As with its opinion on off-duty employee access to the workplace, the Board seems to be making up its jurisprudence on the fly. For whatever reason, it has decided to interpret at-will employment provisions that state that the relationship can only be modified with the consent of senior management as affecting Section VII concerted activity rights. Of course, most of these at-will employment provisions were adopted in response to state court holdings that a company's failure to explicitly state that the at will employment relationship could only be modified in a particular way could lead to the inadvertent formation of employment contracts as a result of publishing employment policies in things like employee handbooks. Is the Board trying to set employers up for breach of contract claims, or is it simply trying to undermine the at-will relationships established over a century of employment jurisprudence? Who knows, but the uncertainty reflected in these Board decisions is simply going to make it more difficult for employers and strengthen the hand of unions in their interactions. Given the administration's reliance on unions for campaign financing and muscle, that may be the best explanation of all.

UPDATE:  Shortly after these decisions were issued, the NLRB General Counsel issued an updated guidance that distinguished the Arizona cases and actually moved the needle back in favor of the employer.  The GC noted that context was an important factor in assessing employer policies, and specifically noted, among other things, that the use of the personal pronoun "I" in the Arizona policy language indicated a waiver by employees of their rights to modify the at-will relationship.  These are very fine distinctions, in my opinion, that really don't give us much guidance on anything but the hairsplitting nature of the NLRB opinions.

Homelessness Discrimination?

Under the category of “is this really a problem?”, comes news that Rhode Island enacted a “Homeless Bill of Rights” that included a provision that makes it illegal to discriminate against an employee or a job applicant because they don’t have a fixed home address or permanent mailing address. Nor can an applicant be rejected for employment because she lists a homeless shelter or a social services provider as a mailing address. There is apparently a push for similar legislation in other states.

I would be very interested to see if this is really a problem, or to know how many people are turned down for a job because they list a post office box as their home address.

Controlling Access to Your Place of Business

Terrible events in Connecticut recently highlight the absolutely crucial ability of employers to be able to control access to their  places of business. How ironic is it that the NLRB has significantly eroded the ability of an employer to control off-duty employee access to the workplace?

For over a generation the NLRB interpreted the National Labor and Relations Act to allow an employer to deny access to its property by off-duty employees. Typically, an employer’s policy that limited access had to do so solely with respect to the inside of the plant and/or working areas, be clearly explained to all employees, and apply universally to prohibit access to the plant by any off-duty employee for any purpose. These rules were consistent with other Board requirements relating to uniform and consistent application of employer policies, regardless of union presence.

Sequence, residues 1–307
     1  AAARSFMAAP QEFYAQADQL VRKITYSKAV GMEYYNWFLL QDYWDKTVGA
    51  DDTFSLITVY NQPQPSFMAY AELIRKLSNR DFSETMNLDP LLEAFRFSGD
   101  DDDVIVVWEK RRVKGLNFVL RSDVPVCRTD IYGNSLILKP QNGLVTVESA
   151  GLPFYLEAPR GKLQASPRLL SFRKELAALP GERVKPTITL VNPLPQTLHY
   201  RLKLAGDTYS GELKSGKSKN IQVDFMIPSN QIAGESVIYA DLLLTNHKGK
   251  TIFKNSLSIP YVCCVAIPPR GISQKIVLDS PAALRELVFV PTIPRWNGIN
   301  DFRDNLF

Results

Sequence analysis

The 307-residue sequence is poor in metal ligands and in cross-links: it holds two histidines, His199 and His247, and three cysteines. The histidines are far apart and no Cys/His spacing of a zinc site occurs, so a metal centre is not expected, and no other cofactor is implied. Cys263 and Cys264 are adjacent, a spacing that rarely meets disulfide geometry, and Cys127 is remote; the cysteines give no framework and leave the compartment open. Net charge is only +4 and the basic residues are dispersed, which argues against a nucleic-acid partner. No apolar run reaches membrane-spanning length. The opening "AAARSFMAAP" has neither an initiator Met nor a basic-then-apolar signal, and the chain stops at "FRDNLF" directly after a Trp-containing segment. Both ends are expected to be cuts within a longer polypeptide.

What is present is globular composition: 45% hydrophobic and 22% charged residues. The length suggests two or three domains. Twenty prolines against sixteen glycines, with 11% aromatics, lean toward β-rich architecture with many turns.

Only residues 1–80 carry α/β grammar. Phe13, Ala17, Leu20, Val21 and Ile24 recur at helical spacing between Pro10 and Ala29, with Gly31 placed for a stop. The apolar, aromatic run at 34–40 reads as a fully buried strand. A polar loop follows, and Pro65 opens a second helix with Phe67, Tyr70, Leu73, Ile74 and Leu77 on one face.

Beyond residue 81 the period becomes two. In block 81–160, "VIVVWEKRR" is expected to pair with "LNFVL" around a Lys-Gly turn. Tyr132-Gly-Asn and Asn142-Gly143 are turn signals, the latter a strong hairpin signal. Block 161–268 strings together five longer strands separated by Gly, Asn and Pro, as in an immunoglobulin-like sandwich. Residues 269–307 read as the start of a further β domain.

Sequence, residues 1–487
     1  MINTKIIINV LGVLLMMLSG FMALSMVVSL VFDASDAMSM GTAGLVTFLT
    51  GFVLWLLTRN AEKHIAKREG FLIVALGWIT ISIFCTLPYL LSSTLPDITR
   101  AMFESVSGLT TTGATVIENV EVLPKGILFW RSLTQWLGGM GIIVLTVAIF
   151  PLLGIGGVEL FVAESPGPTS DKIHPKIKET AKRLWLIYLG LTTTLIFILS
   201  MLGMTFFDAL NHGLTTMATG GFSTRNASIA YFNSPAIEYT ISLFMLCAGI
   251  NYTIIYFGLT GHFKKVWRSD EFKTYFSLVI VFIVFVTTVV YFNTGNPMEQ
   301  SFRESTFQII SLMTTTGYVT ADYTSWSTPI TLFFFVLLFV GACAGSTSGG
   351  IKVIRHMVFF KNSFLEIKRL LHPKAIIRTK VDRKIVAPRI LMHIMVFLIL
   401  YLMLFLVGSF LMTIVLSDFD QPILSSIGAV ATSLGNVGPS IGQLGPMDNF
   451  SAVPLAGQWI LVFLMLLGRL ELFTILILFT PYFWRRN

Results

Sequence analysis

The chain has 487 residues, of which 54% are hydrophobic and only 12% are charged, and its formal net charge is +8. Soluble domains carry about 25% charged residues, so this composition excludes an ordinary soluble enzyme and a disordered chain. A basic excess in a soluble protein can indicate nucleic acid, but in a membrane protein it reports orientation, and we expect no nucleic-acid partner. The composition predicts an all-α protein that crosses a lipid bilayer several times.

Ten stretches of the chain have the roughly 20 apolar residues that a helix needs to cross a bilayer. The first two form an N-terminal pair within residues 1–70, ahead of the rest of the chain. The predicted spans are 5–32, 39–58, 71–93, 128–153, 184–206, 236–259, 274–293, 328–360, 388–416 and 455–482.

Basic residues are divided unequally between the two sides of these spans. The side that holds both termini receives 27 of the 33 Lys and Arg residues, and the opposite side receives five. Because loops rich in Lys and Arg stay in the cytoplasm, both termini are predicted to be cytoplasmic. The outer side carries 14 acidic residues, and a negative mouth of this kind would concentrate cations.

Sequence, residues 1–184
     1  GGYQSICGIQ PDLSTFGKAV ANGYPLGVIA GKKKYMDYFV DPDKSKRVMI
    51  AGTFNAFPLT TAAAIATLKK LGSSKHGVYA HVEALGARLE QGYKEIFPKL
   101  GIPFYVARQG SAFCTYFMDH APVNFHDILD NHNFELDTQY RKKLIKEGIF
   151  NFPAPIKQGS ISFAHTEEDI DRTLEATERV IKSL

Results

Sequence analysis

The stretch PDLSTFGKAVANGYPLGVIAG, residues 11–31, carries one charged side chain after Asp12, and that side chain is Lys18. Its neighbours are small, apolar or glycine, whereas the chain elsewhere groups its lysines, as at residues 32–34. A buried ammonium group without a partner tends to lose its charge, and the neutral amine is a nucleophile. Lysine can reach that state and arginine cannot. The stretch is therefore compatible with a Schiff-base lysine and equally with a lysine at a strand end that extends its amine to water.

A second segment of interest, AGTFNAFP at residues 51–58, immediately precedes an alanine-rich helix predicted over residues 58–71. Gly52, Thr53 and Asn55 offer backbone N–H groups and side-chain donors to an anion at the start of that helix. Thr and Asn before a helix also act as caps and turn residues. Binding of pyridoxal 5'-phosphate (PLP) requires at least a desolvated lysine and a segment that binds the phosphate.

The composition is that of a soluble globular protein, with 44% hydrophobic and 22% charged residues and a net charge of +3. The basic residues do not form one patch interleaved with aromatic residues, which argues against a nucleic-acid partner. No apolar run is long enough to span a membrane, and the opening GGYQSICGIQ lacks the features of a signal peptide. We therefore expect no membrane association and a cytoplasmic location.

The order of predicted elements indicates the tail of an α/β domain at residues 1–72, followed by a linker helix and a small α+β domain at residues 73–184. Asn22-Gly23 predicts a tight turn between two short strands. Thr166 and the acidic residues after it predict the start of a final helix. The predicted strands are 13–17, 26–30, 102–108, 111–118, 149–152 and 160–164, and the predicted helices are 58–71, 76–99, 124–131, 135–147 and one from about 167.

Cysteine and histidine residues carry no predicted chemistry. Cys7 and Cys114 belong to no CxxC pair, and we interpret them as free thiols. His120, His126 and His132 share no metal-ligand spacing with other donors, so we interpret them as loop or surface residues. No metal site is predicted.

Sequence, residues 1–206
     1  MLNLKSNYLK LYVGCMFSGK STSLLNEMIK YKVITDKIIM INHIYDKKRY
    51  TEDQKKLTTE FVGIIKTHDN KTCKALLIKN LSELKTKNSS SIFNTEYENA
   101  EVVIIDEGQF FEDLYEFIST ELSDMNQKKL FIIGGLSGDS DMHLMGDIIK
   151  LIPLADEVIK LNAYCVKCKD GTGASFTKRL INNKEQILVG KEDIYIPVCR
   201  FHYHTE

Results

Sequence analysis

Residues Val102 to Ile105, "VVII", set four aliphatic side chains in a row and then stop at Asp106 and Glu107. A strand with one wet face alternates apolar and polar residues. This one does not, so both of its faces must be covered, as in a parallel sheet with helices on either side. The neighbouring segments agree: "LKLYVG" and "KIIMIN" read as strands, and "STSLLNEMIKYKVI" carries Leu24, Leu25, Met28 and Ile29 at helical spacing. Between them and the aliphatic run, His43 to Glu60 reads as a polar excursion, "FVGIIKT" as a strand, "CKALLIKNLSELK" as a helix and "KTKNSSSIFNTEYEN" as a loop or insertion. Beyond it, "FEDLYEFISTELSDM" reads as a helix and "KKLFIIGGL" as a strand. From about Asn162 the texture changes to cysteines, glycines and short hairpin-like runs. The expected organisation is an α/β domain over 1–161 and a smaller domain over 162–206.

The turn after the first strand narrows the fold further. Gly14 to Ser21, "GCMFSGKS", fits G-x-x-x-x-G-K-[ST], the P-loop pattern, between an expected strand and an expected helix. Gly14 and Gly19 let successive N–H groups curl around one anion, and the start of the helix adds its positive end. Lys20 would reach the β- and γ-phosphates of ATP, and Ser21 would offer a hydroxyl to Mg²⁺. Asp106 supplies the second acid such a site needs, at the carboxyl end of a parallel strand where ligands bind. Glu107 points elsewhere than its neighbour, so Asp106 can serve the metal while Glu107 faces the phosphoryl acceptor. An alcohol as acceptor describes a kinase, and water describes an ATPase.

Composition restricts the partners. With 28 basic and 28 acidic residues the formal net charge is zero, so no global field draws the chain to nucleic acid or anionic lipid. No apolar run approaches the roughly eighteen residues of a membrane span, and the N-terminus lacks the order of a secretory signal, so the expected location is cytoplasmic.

But in several recent decisions, the Board found that any employer policy allowing off-duty employees back onto the facility for work related purposes (for example to pick up a paycheck or attend an employer sponsored evening event) were too sweeping in scope to be enforced. I usually don’t quote Board opinion language, but the facts here are important to understanding the bizarre way the Board reasoned to strike down these policies. In J.W. Marriot, the Board determined that a requirement that employees who were returning to their work area post-shift “obtain prior approval from your manager” was unenforceable because it gave managers “absolute discretion to grant or deny access for any reason, including to discriminate against or discourage" protected, concerted activity.  

        Now, there was no actual circumstance where any manager had refused to allow an employee access to a work area after hours for the purpose of preventing a protected meeting or discussion; the Board based its holding on the mere possibility of discrimination at some undefined future time. In other words, an employer cannot retain discretion in its management team to allow limited purpose access to its facility for off-duty employees, it must either reject all off-duty returns under all circumstances, or none. Of course, this holding represents a significant departure from previous Board opinions. And since most employers are not going to be put in a situation where they refuse to allow access to off-duty employees who, for example, might forget their medicine at work, the Board's ruling effectively opens the door to access by all off-duty employees. The Board did indicate that there might be special circumstances where an employer could allow reentry, but gave virtually no guidance on this, and the language of the Board’s opinion indicates that these would be unique circumstances, indeed.

Employers that limit access by off-duty employees to their work place but allow exceptions in very limited circumstances risk having that policy struck down. Moreover, a policy that requires manager permission for reentry is similarly likely to violate the Board's new interpretation of Section 8(a)(1) because of potential, but undefined harm to union organizers. redesign your workplace security plans accordingly.